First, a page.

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Using a circuit with a photoresistor

  1. Nov 11, 2011 #1
    Hello Wizards,

    I am using a circuit with a photoresistor that sits under the eave and senses ambient light to turn on a light at night to shine on an American Flag. This works fine for a month or two and then quits working. What I find is the photoresistor goes bad. Ambient light in the shop the photoresistor is approx 8K ohms and when I cover it it goes to 2 meg ohms. After the photoresistor goes bad I find at ambient light in the shop it is 2.7k ohms and when I cover it it goes to 3.7k ohms. After going through three of these photoresistors I wonder if moisture is the cause. I will say it works fine night after night than just quits. Thinking moisture or humidity is the culprit I coated my last replacement photoresistor in epoxy. Any thoughts or comments?? The power source for the circuit is a 1000amp hour battery charged by a 75watt solar panel. Outside temperatures at this time of the year are in the 40's.

    Thanks in advance for any responses,
     
  2. jcsd
  3. Nov 11, 2011 #2

    chroot

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    Re: Photoresister

    There are all kinds of different photoresistors! Have you looked at the datasheet for the one you're using, to determine its susceptibility to moisture? Have you checked the voltage range over which it is meant to be used?

    - Warren
     
  4. Nov 11, 2011 #3

    davenn

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    Re: Photoresister


    Ohh my gosh

    I hope you dont just have the photoresistor in series with the lamp and the battery ?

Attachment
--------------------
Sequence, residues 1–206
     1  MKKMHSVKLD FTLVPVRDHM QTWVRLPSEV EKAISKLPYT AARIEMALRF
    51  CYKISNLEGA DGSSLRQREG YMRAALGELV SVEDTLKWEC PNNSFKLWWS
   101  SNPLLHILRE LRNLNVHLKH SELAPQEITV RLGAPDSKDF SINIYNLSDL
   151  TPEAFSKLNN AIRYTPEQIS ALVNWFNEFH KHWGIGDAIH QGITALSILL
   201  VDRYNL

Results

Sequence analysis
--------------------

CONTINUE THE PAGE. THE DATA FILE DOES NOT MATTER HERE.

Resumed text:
So for example if the lamp is a 12V spotlight type shining on the flag and it draws 2Amps therefore you have 2A flowing through the poor little photoresistor ??
    They are not designed for that sort of harsh treatment.

    The photoresistor should be used to turn on a transistor which in turn will switch power to the lamp. Please explain/ show the circuit of how you have it wired.

    for something really basic it should be similar to these circuits I have drawn for you .....

    attachment.php?attachmentid=40870&stc=1&d=1321048567.gif

    Now I have shown you two circuits above. The left one is for use where you can use a high current capability transistor. Ensure its ratings is much higher than the current through the lamp.
    The right circuit instead uses a transistor to switch a relay. This time just make sure the relay contacts can handle the current.

    Circuit Explanation

    With a properly adjusted trimpot resistor, the voltage at the base of the transistor in the dark state is less than 0.7 V, and therefore the transistor is in the cut-off state. Since the transistor is cutoff, no current flows from its collector to its emitter, so the LAMP will be off. As the photoresistor’s resistance decreases (as the result of an increase in light intensity), the voltage at the base increases due the voltage divider formed by R1 and the photoresistor. Once the base voltage reaches 0.7 V, the base current starts to flow, and any further decrease in the photoresistor’s resistance causes an increase of base current. This base current increment will be amplified by the current gain of the transistor up to the point that the transistor saturates.


    cheers
    Dave
     

    Attached Files:

  5. Nov 11, 2011 #4
    Re: Photoresister

    Hey thanks for the responses,

    The photoresistor is in series with 100k ohm resistor across 12vdc and off the center if this is a resistor 4.7k ohm driving the first of three transistors. the photoresistor is rated at 80mw and series VT is 900 whatever that is. Also rated from -40C to +75C..........number is VT935G.

    Thanks again for all responses.................................
     
  6. Nov 11, 2011 #5
    Re: Photoresister